OR WAIT null SECS
A new cost analysis indicated that ranibizumab port delivery system (PDS) with 1 refill was costlier than intravitreal ranibizumab and aflibercept injection if less than or equal to 11 and 10 injections were given within the first year of treatment for neovascular age-related macular degeneration (nAMD).
Previous research has suggested that roughly 288 million people globally will be affected by age-related macular degeneration by 2040. Though only 10-15% of all AMD cases are nAMD, the condition has been attributable to 90% of AMD-related visual impairment prior to anti-vascular endothelial growth factor (VEGF) drugs.
Though various anti-VEGF function in similar ways and result in significant visual gains, the prices of these treatments vary.
Earlier in 2022, the US Food and Drug Administration approved the first PDS with sustained delivery of ranibizumab after phase 3 data indicated that 98% of patients treated with ranibizumab PDS were stable with 24-week refills.
For the current study, an investigative team led by Shefali Sood, MD, MPA, of the New York University School of Medicine, sought to determine the cost differences between intravitreal injections of ranibizumab, bevacizumab, and aflibercept compared with ranibizumab PDS use for the treatment of nAMD.
Initially, Sood and colleagues amassed data from 2 investigational studies on the PDS, which included one phase 3 trial and one phase 2 trial, the latter of which was used to model pro re nata (PRN) dosing of PDS refills.
Meanwhile, cost information for ranibizumab PDS implantation and refills was obtained for the 2022 Centers for Medicare and Medicaid (CMS) Physician Fee Schedule, while additional data was accessed through the manufacturer.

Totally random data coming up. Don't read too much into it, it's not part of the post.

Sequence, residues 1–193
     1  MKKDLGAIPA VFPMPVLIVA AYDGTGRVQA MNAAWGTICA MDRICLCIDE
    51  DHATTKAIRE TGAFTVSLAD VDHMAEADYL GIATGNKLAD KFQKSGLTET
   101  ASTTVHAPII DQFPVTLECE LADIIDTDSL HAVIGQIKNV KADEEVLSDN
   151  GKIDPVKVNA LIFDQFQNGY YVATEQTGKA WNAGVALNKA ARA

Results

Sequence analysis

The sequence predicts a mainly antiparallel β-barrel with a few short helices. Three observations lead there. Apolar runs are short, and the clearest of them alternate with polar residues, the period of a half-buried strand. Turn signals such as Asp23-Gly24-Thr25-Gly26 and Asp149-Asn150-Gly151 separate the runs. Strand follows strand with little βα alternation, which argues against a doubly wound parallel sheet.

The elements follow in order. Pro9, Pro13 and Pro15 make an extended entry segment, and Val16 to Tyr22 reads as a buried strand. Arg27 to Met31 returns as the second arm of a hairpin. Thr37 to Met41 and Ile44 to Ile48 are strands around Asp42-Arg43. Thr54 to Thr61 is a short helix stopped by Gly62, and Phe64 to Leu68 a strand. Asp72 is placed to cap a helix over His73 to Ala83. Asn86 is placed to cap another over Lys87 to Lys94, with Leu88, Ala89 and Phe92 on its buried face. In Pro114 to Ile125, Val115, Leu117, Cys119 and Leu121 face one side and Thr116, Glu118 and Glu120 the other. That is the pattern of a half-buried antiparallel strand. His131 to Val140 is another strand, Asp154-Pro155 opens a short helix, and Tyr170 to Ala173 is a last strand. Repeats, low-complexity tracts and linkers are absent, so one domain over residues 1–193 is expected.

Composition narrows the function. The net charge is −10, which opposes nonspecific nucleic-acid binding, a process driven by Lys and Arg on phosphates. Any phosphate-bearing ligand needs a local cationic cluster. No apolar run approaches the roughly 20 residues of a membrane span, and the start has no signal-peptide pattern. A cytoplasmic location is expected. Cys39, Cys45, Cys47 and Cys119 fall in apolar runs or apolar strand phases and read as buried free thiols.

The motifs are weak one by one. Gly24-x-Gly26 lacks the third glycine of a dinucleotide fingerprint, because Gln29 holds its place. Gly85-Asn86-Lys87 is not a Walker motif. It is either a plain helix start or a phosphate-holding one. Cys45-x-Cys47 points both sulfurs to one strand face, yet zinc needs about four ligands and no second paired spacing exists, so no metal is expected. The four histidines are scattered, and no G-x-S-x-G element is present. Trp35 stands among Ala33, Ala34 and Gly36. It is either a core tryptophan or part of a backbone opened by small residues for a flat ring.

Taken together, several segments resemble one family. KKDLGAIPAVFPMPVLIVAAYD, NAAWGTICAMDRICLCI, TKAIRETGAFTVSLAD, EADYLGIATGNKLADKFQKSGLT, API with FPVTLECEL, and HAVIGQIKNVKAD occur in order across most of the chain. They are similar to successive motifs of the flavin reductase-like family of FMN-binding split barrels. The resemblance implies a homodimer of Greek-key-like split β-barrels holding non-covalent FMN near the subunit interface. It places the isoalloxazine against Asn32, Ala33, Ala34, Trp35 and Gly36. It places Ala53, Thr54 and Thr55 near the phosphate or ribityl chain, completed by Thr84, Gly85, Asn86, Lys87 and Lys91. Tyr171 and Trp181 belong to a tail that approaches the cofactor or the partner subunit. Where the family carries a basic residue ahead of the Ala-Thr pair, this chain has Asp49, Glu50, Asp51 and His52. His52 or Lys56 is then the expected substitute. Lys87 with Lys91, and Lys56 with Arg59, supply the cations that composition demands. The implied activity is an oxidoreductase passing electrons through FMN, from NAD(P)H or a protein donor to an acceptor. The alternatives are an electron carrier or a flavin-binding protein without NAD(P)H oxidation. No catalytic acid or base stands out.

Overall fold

Ambulatory Surgical Center facility and professional fees were collected via Medicare Procedure Look-Up Tool, while the PDS Implantation Kit costs were collected from the manufacturer at wholesale acquisition costs (WAC).
Additional costs, which included office visits featuring optical coherence tomography (OCT) imaging, were also considered. The team excluded the cost of fluorescein angiography.
Investigators noted that the cost of ranibizumab PDS with fixed 6-month refills over 1 year was $21,016, while the monthly intravitreal cost of ranibizumab was $1943 (P=.34) less.
Additionally, the monthly intravitreal costs were $5702 and $16,732 less for aflibercept and bevacizumab, respectively. Regarding bimonthly injections, aflibercept cost %7658 less than ranibizumab PDS.
Over a 5-course period, investigators noted that that the projected cost of monthly intrvitreal ranibizumab was $25,581 (P=.04) more than PDS. Meanwhile, aflibercept cost (P = .008) more, and bevacizumab cost $67 793 (P < .001) less than PDS with fixed refills.
Finally, aflibercept cost $22 422 ( P = .03) less when administered in bimonthly.
Given the data amassed in the study, investigators suggested that the use of PDS would be motivated by factors other than cost, such as safety, preferred practice, and willingness to undergo surgery involving frequent clinic visits.
“Further research on the ranibizumab PDS long-term safety, efficacy, and cost effectiveness is warranted,” the team wrote.
The study, "Cost of Ranibizumab Port Delivery System vs Intravitreal Injections for Patients With Neovascular Age-Related Macular Degeneration," was published online in JAMA Ophthalmology.